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In a show of unity, House Democrats elect Hakeem Jeffries minority leader

Representative Hakeem Jeffries, Democrat of New York, joined by Representative Katherine Clark, Democrat of Massachusetts (left), and Representative Pete Aguilar, Democrat of California, spoke to reporters just after they were elected by House Democrats to form the new leadership when Speaker of the House Nancy Pelosi, Democrat of California, steps aside in the new Congress under the Republican majority, at the Capitol in Washington, on Wednesday. Jeffries becomes the party leaders while Representative Clark will become the Democratic whip, and Representative Aguilar takes over a chairman of the Democratic Caucus.J. Scott Applewhite/Associated Press

WASHINGTON — House Democrats on Wednesday elected new leaders to take the mantle from the three octogenarians who have led them for two decades, ushering in a long-awaited generational change that, for the first time in the history of either party or chamber in Congress, installed a trio of top leaders that includes no white men.

In a display of unity after midterm elections in which they lost the House but had a stronger than expected showing, Democrats skipped a vote and by acclamation elected Representative Hakeem Jeffries of New York to be minority leader, making him the first Black person to hold the top spot. Representative Katherine Clark of Massachusetts was elected as whip, the lead vote counter for House Democrats, and Representative Pete Aguilar of California as the chair of the party caucus, in charge of messaging.


Jeffries, 52; Clark, 59; and Aguilar, 43, who for years have positioned themselves as an unofficial joint slate of candidates and have patiently waited their turn, ran unopposed after Speaker Nancy Pelosi, the California Democrat who has led the party for two decades, announced this month that she would step aside, paving the way for fresher faces at the top of her party.

Both Representatives Steny Hoyer of Maryland, the majority leader, and Adam Schiff, Democrat of California, had been considering challenging Jeffries for the post of minority leader. But Hoyer said he, too, would step aside. And many Democrats said Schiff lacked the votes to secure the post and last week had told Jeffries that he was instead exploring a run for Senate, wishing him well in the upcoming leadership election, according to a person familiar with the private conversation who disclosed it on the condition of anonymity.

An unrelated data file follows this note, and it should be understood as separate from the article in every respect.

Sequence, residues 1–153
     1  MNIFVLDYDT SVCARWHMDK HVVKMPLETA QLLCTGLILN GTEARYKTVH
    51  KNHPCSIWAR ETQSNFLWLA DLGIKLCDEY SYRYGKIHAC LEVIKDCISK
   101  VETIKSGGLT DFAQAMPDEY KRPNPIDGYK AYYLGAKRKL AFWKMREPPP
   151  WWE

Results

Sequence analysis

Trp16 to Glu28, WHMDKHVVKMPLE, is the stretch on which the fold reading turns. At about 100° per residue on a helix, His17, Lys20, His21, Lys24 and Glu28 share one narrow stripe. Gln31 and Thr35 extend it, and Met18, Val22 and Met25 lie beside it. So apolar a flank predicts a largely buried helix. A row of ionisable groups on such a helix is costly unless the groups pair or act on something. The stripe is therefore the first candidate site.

The mood was jovial Wednesday inside the ornate committee hearing room across from the Capitol where Democrats met to elect their new leaders.


Democrats, for the most part, said they saw the lack of competitive races as a sign of strength and unity, and a stark contrast to the fractured Republican conference, in which Representative Kevin McCarthy, the minority leader, is struggling to win the support he needs to become speaker amid a revolt on his right flank. A historically weak midterm performance has handed the GOP a razor-thin House majority for the next Congress, making the job of leading it exceedingly difficult.

“It shows that Democrats are in array, Republicans are in disarray,” said Representative Ted Lieu, Democrat of California, noting that the new slate of leaders, which includes a Black man, a white woman, and a Latino man, “reflects the beautiful diversity of America.”

Representative Ilhan Omar of Minnesota said she was excited to have a leader “who actually does represent the diversity of our caucus.”

Yet some Democrats called the uncontested election a missed opportunity for them to discuss how their party was shifting and how it should move forward.

“This is the most significant generational change that we have seen in House Democrats in several decades,” said Rep. Alexandria Ocasio-Cortez of New York. “I personally believe that we would benefit from a debate on what that means.”

The leadership elections marked a sea change for the caucus, which for two decades has been led by the same trio of leaders, who effectively froze out dozens of more junior lawmakers who had been waiting to ascend.


Pelosi’s announcement before Thanksgiving that she would step down from leadership set the long-awaited change in motion. Hoyer quickly followed suit, and Representative James Clyburn of South Carolina, the whip, said he would relinquish the third-ranking spot and seek a lower position.

His decision to stay in leadership, however, rankled some members.

On Wednesday, Representative David Cicilline of Rhode Island, who is gay, said he planned to challenge Clyburn for the position of assistant leader.

“With so much at stake, I think it is critical that the House Democratic leadership team fully reflect the diversity of our caucus and the American people by including an LGBTQ+ member at the leadership table,” he said in a letter to his colleagues announcing his bid. That race will be decided Thursday.

In remarks to reporters ahead of the election, Jeffries described the role he was about to assume as a “solemn responsibility.”

“When we get an opportunity as diverse leaders to serve in positions of consequence, the most meaningful thing that we can do in that space is do an incredibly good job,” Jeffries said.

He downplayed the divisions among Democrats and expressed confidence in his ability, along with his expected leadership team, to keep the party united in the coming year.

“There’s nothing more unifying than being in the minority and having a clear-eyed objective and goal of getting back into the majority so we can continue to deliver big things for everyday Americans,” he said.